2) The abuses were much less than most people think. For a good account see Warren Carroll, The Glory of Christendom (part of a seven volume series the data below is from his work) on the Inquisition, and on sad abuses by the Popes in the Middle Ages. Further all governments of Europe around this period severely punished heresy. In England, the offender, often a Catholic priest who had merely said Mass, was hanged, drawn and quartered while still alive.
In France and Spain especially, the Cathar heretics were a danger not just to the Church, but to the state, and to all. In 1229 a council at Toulouse required that everyone in Languedoc, where most of the Cathars were, to take an oath and renew it every other year, to remain a good Catholic, and to denounce heretics. But Cardinal Frangipani heard testimony from a former Cathar, William of Solier, who said that to make such names public would endanger the lives of the informants. Out of this grew the Inquisition, established by Pope Gregory IX in 1233 to be staffed by Dominicans. The Cathars then were as dangerous as terrorists today, and brought fear, cruelty, bloodshed and war wherever they had sufficient numbers. In southern France it took the full armed power of the King of France to overcome them.
But then they went underground. Persons accused by the Inquisition were not allowed to know the accusers, to protect the accusers this sort of thing happens in protection of witnesses in U. S. courts today. But the person arrested was to make a list of his personal enemies and none of their testimony would be used against him. What modern court allows such a thing? Torture was used, but quite infrequent, and not lasting in its effects. In the 50 years of the operation there were no more than 5000 executions, which was small in comparison to the total executed for other crimes in the same period. Some Inquisitors did abuse their power, but they were promptly and strongly curbed by Pope Gregory IX. In 1242 the Cathars murdered ten of the Inquisitors.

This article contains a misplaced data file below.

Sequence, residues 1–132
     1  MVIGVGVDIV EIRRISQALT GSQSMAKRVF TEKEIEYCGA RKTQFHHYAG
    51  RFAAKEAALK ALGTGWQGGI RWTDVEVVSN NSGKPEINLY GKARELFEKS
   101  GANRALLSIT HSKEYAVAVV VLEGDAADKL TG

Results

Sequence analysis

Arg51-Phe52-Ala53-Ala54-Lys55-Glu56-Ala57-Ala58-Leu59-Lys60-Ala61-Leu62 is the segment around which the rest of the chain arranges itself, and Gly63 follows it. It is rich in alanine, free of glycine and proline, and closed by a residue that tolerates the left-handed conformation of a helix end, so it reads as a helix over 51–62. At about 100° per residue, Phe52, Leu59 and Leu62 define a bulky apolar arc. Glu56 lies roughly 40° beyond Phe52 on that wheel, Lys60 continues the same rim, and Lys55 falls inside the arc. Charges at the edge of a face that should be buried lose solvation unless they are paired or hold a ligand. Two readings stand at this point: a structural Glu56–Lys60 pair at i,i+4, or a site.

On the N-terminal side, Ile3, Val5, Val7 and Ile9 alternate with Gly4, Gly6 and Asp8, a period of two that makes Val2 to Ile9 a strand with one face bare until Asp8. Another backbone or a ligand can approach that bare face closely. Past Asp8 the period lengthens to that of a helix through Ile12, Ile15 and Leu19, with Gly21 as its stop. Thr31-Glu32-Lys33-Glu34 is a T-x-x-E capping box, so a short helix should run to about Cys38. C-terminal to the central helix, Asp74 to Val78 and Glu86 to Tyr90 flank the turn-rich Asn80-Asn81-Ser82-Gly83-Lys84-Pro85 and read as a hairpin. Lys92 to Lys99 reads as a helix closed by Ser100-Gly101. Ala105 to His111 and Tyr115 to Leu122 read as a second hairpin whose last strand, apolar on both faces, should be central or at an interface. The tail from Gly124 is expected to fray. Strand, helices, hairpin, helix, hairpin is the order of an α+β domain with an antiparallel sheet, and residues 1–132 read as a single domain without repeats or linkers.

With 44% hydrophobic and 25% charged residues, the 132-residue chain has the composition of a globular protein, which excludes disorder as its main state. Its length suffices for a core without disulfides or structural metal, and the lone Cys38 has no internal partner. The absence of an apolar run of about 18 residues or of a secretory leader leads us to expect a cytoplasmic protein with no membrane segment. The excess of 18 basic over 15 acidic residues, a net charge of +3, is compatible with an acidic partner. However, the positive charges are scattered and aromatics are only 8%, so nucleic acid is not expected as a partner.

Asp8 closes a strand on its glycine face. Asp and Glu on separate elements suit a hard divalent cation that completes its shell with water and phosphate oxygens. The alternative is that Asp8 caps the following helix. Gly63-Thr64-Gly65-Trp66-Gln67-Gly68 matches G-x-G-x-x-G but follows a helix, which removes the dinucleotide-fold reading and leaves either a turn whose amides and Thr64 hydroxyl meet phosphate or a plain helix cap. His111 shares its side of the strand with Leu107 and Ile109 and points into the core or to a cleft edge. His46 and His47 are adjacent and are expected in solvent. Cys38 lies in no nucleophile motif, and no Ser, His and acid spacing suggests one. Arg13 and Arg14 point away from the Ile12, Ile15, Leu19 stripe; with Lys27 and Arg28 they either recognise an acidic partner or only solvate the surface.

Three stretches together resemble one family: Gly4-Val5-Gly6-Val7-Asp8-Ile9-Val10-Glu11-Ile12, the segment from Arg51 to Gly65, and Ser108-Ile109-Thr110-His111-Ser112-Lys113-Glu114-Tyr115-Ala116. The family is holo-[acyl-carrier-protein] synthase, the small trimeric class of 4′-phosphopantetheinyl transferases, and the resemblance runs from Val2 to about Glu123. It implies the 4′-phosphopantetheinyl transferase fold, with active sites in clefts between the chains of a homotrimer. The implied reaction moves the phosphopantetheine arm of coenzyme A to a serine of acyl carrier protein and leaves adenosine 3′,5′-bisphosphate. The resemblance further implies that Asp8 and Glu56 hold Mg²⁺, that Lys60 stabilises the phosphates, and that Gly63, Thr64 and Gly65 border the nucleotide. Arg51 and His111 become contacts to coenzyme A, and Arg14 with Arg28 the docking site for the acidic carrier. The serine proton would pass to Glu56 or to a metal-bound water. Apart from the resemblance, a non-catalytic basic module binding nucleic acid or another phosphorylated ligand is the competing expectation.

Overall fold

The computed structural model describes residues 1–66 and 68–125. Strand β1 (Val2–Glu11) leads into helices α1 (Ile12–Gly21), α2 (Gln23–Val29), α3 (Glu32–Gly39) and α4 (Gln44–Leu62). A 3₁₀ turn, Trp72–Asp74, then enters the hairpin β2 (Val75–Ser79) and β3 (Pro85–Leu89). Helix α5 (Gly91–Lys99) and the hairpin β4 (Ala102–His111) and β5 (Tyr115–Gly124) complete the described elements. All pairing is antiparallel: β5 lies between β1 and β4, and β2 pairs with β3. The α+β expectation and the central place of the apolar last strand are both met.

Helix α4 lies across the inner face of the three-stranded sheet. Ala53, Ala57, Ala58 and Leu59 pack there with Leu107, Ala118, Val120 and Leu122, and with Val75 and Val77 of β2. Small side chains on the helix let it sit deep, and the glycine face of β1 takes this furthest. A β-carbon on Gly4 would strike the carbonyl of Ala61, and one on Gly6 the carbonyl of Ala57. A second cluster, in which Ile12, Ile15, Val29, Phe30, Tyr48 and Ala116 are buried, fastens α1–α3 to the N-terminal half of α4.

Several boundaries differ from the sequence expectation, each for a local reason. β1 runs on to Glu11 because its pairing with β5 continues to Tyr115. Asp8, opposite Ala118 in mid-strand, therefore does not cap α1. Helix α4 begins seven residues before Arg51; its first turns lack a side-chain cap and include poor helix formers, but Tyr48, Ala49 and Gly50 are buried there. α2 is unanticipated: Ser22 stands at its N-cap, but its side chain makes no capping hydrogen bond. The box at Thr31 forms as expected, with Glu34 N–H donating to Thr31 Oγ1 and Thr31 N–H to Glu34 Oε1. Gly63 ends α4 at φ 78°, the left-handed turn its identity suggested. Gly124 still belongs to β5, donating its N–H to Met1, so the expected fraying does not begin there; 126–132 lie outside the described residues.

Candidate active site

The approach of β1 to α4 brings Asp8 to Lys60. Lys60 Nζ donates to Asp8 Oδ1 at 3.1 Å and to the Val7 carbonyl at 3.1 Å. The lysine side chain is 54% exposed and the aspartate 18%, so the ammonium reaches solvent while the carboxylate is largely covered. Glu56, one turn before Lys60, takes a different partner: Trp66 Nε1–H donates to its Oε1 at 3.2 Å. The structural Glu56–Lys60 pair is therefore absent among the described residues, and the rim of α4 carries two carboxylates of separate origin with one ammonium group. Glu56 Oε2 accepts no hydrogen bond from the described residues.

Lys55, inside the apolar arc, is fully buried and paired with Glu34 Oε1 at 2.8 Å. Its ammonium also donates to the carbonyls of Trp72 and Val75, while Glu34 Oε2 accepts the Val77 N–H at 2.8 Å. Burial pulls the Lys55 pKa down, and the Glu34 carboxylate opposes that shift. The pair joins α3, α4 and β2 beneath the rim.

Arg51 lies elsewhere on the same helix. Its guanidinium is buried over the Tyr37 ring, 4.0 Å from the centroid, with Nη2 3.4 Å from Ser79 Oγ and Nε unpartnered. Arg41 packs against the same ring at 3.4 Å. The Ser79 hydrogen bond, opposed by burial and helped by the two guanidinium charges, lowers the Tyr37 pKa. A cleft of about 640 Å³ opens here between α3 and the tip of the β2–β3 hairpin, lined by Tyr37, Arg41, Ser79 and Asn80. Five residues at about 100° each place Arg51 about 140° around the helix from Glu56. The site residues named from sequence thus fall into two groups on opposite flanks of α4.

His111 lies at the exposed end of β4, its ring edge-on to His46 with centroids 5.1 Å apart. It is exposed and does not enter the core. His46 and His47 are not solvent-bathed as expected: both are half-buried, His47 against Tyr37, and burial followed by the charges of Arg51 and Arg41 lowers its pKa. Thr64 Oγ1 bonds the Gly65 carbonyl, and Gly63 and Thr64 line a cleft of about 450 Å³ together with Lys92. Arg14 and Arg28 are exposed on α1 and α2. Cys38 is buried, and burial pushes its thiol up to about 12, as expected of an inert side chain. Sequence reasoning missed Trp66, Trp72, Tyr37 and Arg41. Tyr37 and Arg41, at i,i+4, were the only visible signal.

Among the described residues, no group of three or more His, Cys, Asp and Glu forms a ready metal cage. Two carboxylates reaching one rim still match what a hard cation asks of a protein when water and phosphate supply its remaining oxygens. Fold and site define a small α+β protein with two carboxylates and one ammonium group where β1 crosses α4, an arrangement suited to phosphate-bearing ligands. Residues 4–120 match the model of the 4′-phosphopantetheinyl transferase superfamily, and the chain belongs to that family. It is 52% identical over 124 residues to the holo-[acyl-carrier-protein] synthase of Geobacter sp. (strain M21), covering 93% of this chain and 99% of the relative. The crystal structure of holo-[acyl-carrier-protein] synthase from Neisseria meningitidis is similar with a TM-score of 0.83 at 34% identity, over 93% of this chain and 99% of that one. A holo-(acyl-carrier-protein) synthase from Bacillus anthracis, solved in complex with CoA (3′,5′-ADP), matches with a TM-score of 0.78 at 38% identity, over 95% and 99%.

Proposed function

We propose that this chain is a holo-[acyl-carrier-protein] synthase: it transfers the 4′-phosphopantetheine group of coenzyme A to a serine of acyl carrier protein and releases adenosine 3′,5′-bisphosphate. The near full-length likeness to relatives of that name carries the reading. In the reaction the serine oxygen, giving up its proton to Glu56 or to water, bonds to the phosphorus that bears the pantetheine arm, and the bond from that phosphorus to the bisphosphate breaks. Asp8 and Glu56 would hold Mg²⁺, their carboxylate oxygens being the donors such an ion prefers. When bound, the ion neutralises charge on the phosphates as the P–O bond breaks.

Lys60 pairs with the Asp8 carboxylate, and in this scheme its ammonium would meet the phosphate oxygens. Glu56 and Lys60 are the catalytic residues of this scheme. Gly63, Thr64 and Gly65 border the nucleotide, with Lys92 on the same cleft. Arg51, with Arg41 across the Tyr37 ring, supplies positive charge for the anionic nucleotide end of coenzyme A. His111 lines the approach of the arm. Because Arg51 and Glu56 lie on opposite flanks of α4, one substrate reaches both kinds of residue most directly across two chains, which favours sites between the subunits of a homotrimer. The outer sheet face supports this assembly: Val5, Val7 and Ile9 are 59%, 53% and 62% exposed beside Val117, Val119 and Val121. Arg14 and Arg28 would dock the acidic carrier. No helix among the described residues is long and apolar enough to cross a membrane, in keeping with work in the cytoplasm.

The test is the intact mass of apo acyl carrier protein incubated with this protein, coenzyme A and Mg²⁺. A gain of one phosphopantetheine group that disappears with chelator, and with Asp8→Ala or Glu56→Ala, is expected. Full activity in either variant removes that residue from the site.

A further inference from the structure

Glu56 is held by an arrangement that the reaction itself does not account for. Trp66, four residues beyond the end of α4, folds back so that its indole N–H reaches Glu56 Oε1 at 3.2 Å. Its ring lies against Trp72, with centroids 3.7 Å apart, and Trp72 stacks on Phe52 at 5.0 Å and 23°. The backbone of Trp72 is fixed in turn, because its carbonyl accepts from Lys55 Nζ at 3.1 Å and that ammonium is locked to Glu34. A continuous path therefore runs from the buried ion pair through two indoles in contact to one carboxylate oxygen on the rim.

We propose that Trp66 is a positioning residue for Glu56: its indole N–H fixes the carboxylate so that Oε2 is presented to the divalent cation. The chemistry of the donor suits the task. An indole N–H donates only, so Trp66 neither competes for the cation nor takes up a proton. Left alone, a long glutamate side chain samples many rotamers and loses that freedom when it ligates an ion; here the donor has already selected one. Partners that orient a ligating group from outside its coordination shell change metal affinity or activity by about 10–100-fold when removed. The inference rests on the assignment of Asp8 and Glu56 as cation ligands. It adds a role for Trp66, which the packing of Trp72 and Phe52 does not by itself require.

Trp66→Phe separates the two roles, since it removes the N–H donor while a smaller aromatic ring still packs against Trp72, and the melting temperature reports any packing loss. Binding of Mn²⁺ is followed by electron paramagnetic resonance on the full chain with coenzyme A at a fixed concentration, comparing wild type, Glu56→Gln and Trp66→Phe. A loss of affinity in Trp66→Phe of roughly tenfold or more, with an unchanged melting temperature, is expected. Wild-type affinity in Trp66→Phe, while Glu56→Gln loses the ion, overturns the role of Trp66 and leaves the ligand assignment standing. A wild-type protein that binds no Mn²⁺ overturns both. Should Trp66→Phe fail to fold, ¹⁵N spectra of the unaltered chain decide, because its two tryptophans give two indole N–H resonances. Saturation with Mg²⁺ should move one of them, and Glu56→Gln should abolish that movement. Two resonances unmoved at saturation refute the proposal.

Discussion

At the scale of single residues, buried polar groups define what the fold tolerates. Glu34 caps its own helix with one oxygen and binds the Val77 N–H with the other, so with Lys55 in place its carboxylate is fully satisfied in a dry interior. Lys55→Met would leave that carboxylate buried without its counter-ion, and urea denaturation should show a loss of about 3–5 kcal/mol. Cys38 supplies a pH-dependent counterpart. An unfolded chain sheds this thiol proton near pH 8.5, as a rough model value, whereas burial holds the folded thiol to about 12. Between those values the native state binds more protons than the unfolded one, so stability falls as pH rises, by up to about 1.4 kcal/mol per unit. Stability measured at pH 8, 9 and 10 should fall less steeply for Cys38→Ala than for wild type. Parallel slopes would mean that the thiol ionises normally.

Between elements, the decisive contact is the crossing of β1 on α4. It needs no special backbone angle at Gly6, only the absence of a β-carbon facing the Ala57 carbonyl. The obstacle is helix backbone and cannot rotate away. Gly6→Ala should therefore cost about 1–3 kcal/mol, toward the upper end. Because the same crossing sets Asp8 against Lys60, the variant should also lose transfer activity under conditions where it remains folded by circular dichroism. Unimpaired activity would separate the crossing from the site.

As to the Spanish episode, the Turks in 1480 attacked the south Italian city of Otranto. 12, 000 people were killed, the rest made slaves. The sacred book of Islam does call for killing all “infidels” (The Koran says: When ye encounter unbelievers, strike off their heads until ye have made a great slaughter among them, and bind them in bonds. . . .” cited from B. Palmer, Understanding the Islamic Explosion, Horizon Books, 1980, p. 36). The Turks killed every cleric in the city and sawed the archbishop in two. So Queen Isabel sent a fleet to Italy. In September of 1480, when it was clear the Turks might do the same to any coastal city, Isabel established the Inquisition. It dealt with the special problem of those who pretended to become Christian, but were not really converted, and might open the gates of the city to the Turks.
Torture was used only occasionally and it was the government that inflicted that and death, after the Inquisition turned them over. The Inquisition had no authority over practicing Jews and Moslems, only over professed Christians suspected of being fakes. After the appointment of Tomas de Torquemada as Inquisitor General in 1483 its tribunals were so fair that many preferred to have it hear their cases rather than the regular courts. Again, those questioned could not see their accusers, but could make a list of their enemies, and all testimony from them was discarded.
We must remember again that every government in Europe punished treason and heresy by painful death. Yes, the Inqusition is to be blamed for some things, but not as badly as the legend says.